UK building material supplier Travis Perkins has selected Google Apps and Google Drive services to store and share data more efficiently and overcome inefficiencies related to data silos.
The supplier works on large critical projects, such as Terminal 5 at Heathrow airport, and requires serious coordination in its data tasks to ensure accurate quotes are created and materials are delivered to where they were needed. The IT team has to enable collaboration across Travis Perkins’ 2,000 locations, 24,000 people and 17 different business divisions.
Google Drive for Work is the search giant’s premium service for businesses that includes unlimited cloud-based storage, advanced audit reporting and new security controls, such as eDiscovery services.
“We use Google Drive to store and share more than 1.3 million documents, which has reduced travel, email traffic and the time taken to get things done,” said Jon Spruce, Google programme leader at Travis Perkins.
Prior to that, the process of creating quotes at Travis Perkins was disjointed and
“We’ve made a series of acquisitions over the last 30 years, and with each one, also acquired a new technology and system, which left us with a mismatched set of storage and document-creation products,” Spruce said. “People created their own ‘kingdoms’ of data, and expected they'd be able to share information – with very limited success.”
According to the IT team, Google Drive has helped its employees deliver quotes to customers at a steady pace and access the most up-to-date information at any time.
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“Drive has also taken the sluggishness out of the quote pipeline. In one of our businesses, BSS
Industrial, we start by creating a document about the project at the customer’s local branch, then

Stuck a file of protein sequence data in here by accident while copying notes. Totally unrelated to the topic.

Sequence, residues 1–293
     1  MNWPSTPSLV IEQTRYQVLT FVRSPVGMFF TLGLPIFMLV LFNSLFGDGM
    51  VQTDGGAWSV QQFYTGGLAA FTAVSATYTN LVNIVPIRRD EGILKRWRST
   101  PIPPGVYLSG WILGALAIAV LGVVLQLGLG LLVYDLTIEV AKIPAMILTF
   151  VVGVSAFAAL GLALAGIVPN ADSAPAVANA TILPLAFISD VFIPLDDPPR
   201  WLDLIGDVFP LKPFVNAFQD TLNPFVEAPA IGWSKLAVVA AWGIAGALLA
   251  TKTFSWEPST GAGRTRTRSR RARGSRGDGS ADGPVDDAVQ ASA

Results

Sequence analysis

create a shared folder, and add in blueprints, estimates, and photos – anything the rest of the
team needs to build and fulfill the quote,” Spruce added.
As employees locate and price supplies or visit the building site to take precise measurements, everyone can update the same files and the IT is able to control document versions. Drive’s audit view allows the IT to monitor activities such as moving, deleting or sharing of a business file within or outside the company. It also provides an audit API for developers.
“We no longer worry about which email or spreadsheet is correct, since we all work together on the same project quotes,” Spruce said.
Google Drive for Work was launched by Google in July at its I/O 2014 conference. The service is available for $10/user/month. As of June 2014, it is estimated that Google Drive had 190 million monthly active users with enterprises such as HP, Seagate, Jaguar Land Rover, Travis Perkins and Crate and Barrel using it.
According to Google, all files uploaded to Google Drive are encrypted, not only from users’ device to Google and in transit between Google datacentres, but also at rest on Google servers.
At I/O, Thomas Davies, director of Google Enterprise, explained the main reasoning behind Google Drive for Work was the IT department wanting to regain control it has lost through the BYOD and BYOA trends.
Dale Ville, research director at Freeform Dynamics thinks Google Apps, Google Drive for Work and other similar applications, though not Google’s main strength, are an attempt to present Google products in a more enterprise-driven manner.
Google Drive for Work competes with the likes of Box, Dropbox and OneDrive. Last year, Hybrid cloud and on-premises provider Egnyte has integrated its product with Google Drive, allowing users to access Google Drive directly from a corporate network drive.